Curitiba, the capital of Paraná state, is well known in Brazil for its intense coffee culture. The newest addition to the already effervescent coffee scene is the Supernova Hub: a collective roastery—where coffee lovers/cafe owners can rent out the equipment to roast their own green coffee, a cafe, a business incubator for coffee-related startups, and a soon-to-be certified Specialty Coffee Association campus.
Luiz Eduardo Melo, Supernova founder, is a lawyer by training and an entrepreneur by trade. In 2014 he started learning about roasting and opened the first Supernova location in 2015, together with his partner Bruno Regalo. Since then, Melo has opened two other cafes, led the production of a coffee documentary film (“Coffee Isn’t Just Coffee”—watch the trailer here), finished his SCA instructor certification in the US, and now opened the Supernova Hub.
Luiz Eduardo Melo
Melo’s three prior Supernova cafes are focused on the “coffee to go” concept—to the extreme. “I needed to stand apart from the other already established roasteries from Curitiba and offer something new to our customers,” explains Melo. They eschew WiFi and table service, and only serve in to-go cups, focusing solely on coffee quality and customer experience, which Melo today recognizes was really risky. Thankfully, it has worked out so far.
The Supernova Hub came about for many reasons, Melo tells me. The roastery space in the flagship store was overcrowded with green coffee storage. The stock space for cafe supplies and green coffee was divided among the stores, which made it logistically challenging to distribute supplies. Melo began to conceive of a space where he could centralize the roastery operations and the stock together, and at the same time, he got a nudge from the Brazil Specialty Coffee Association to become an authorized SCA trainer. And he found an amazing, spacious location in downtown Curitiba, then somewhat of a desert for specialty coffee. That was it: the Supernova Coffee Hub would host his SCA training lab, roastery, green and roasted coffee storage center, and also a cafe.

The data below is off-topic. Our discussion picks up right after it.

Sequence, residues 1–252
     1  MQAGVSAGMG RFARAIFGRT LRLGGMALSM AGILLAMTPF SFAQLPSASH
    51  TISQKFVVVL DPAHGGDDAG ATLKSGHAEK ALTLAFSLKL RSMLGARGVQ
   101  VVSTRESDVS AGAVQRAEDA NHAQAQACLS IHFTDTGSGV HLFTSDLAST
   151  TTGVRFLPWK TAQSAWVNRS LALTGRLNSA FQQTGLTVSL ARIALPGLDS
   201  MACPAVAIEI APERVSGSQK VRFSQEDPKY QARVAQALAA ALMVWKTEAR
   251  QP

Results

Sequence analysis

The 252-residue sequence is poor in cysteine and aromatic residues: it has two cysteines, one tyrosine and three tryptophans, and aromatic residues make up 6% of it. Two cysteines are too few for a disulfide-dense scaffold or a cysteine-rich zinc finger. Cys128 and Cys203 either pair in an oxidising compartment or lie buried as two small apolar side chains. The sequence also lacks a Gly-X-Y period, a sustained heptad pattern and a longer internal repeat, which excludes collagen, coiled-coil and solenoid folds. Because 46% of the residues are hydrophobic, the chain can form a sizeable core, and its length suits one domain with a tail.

The Hub cafe initially opened in October 2017, and Melo and his team of baristas quickly learned that customers in this part of Curitiba were different than those they’d served elsewhere. Low-income downtown workers were not used to specialty coffee, the beverages offered, let alone the pricing. They took the opportunity to rethink the Hub’s cafe operation when they had to briefly close to build out the roastery and the training lab upstairs.
Much of the Hub format today came from this rethinking period, says Melo. One of the important decisions—that was suggested by baristas Amandha Locathelli and Daniel Munari—was to leave it up to the customer to decide how much the beverage they order is worth. Inspired by other initiatives such as Curto Café, this allowed them to make specialty coffee more affordable for their clientele. Focused on making the space an accessible space for people of all backgrounds and income levels to experience specialty coffee, The Hub will also host free cuppings and events, as well as allocate one vacancy in every coffee course for low-income coffee professionals.
The structure of their collaborative roasting space, too, came from this period of renovation and reflection. The Supernova Hub offers members usage plans that include roasting training as well as roastery hours, so that students can practice what they learn during classes.
To tie this all together, Melo realized he needed a tool that could facilitate the access to specialty green coffee by the roasters who would rent out the roastery equipment. His newest startup initiative is a web platform for the specialty coffee trade: Baerter. The idea is to provide a link between roasters and specialty coffee producers, where they can buy green coffee online with guaranteed delivery, and also post reviews of the coffee quality and so forth. All parties are held accountable—both producers and buyers have the opportunity to review the transaction and thus a reputation is slowly built within the platform. All samples are submitted by producers to the Supernova Hub, where they evaluate green quality and grade the coffee, attesting to its quality, before it can be posted online for sale.
“I remember all the difficulties I had to go through when trying to open my coffee business,” recalls Melo, “and I am thus trying to solve all of them for the newcomers to the industry: access to roasting and barista courses, access to roastery equipment, access to high quality green coffee from all over the country—without necessarily having to travel all the way to the farm in order to buy directly from the farmer.”
And how will he measure Supernova’s success? Melo will know—when specialty coffee in Brazil gets even more competitive.
Juliana Ganan is a Brazilian coffee professional and journalist. Read more Juliana Ganan on Sprudge.
Photos by Bruno Regert.
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